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Sarah Silverman sues Big Tech

Sarah Silverman sues Big Tech

The comedian is taking Meta and OpenAI to court over copyright infringement. It’s a case that could redefine the boundaries of how AI learns

Long stories short

  • China drew up tighter rules to govern generative artificial intelligence in the country.
  • Amazon was projected to make $12.9 billion from this year’s Prime Day, up from $8 billion last year. 
  • Massachusetts lawmakers considered a near total ban on selling location data from mobile phones.

Shadow theft

Sarah Silverman and two bestselling novelists are suing Meta and OpenAI for $1 billion after accusing them of using “shadow libraries” to train AI chatbots.

So what? Increasing numbers of creators are suing AI companies over copyright infringement. Their lawsuits threaten to expose the opaque world of AI training models and their use of illegal databases of millions of e-books.

A comedian and a chatbot walk into a bar. Silverman is a famous comedian and actor who in 2010 wrote a book called The Bedwetter. In her lawsuit, she claims that OpenAI and Meta copied the book without her approval. For proof, Silverman has submitted an exhibit showing what happened when ChatGPT was asked to summarise her work. The summary was so accurate, she argues, that The Bedwetter must have formed part of ChatGPT’s training dataset. 

Shadow libraries. The Silverman lawsuit alleges that AI companies like OpenAI illegally used “shadow libraries” to train their technology. These online databases provide free access to millions of books and articles that would otherwise be behind paywalls. Users utilise peer-to-peer file-sharing technology to download books, a bit like Napster 20 years ago. 

Shadow libraries are of great value to the AI-training community. Large language models, the programmes which form the basis of chatbots like ChatGPT, require huge amounts of text to train themselves to mimic human responses.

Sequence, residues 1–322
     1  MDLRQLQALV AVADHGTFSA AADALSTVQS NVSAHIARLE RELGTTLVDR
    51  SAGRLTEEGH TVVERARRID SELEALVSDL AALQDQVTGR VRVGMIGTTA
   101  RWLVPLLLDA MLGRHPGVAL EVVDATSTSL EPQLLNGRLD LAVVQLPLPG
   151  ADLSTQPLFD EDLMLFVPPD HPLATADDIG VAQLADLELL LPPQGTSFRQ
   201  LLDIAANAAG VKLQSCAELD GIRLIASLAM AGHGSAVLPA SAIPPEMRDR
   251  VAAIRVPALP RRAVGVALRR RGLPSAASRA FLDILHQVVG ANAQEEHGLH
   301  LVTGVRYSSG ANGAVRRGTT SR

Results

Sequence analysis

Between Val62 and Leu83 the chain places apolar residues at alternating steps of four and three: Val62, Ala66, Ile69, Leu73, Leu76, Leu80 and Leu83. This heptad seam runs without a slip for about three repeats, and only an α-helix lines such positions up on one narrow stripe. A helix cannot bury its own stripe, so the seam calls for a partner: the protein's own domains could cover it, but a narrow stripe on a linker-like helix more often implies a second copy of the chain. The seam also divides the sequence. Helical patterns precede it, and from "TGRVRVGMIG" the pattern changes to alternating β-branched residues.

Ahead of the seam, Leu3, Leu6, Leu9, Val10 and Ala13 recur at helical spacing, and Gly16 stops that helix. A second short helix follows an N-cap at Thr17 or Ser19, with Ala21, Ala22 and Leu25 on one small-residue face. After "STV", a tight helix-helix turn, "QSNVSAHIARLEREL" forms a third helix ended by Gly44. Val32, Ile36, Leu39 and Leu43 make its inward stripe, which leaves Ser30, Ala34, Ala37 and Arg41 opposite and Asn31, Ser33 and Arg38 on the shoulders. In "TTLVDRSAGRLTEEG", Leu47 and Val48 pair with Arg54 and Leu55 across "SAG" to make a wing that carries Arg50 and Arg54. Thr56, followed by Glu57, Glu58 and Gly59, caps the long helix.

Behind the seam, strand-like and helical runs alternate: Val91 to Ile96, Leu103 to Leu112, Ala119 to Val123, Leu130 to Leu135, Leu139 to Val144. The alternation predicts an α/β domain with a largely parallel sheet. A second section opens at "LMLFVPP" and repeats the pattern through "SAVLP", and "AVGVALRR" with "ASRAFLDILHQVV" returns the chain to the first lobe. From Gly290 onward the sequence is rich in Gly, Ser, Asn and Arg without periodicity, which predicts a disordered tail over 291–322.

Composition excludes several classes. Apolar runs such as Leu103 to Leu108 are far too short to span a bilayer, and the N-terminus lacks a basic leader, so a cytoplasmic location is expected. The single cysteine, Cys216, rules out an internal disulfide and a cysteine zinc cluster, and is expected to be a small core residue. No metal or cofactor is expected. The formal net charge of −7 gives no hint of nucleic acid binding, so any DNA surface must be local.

While some online libraries – like Project Gutenberg, a collection of e-books with expired copyrights – are legal, others are more controversial: 

  • Library Genesis (aka LibGen): a file-sharing shadow library for academic journals, general interest books, comics and audio books. Has over 80 million science magazine articles. Russian origin. 
  • Z-Library: began as a mirror for LibGen. Now describes itself as the “world’s largest e-book library”. Located on the Dark Web.
  • Sci-hub: limited to research papers only, with more than 88 million files. In 2019, the site’s operator said it was accessed more than 400,000 times a day. 
  • Bibliotik: An invite only file sharing site with 196,640 ebooks, arranged via category like a library. It has more than 1,000 active members and attracts 150,000 visits each month.  

Not unique. Silverman and her co-plaintiffs, the novelists Richard Kadrey and Christopher Golden, are not the only people to take AI firms to court. A group of visual artists have sued Stability AI, Midjourney and DeviantArt for copyright infringement. Programmers have sued GitHub for introducing GitHub Copilot, an AI product, which they say relies on “unprecedented open-source software piracy”. Getty Images has also filed an AI lawsuit, alleging that Stability AI, who created the image-generation tool Stable Diffusion, trained its model on “millions of images protected by copyright.” 

What next? Meta and OpenAI have yet to respond to Silverman’s lawsuit but are understood to deny any wrongdoing. More broadly, these lawsuits could define the boundaries of how AI learns and what role copyright laws will play in how training datasets are assembled. 

Napster, the music file-sharing website, collapsed in 2001 under a wave of lawsuits. Two decades later, AI companies are beginning to discover that they can’t ignore copyright either.

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Alexi Mostrous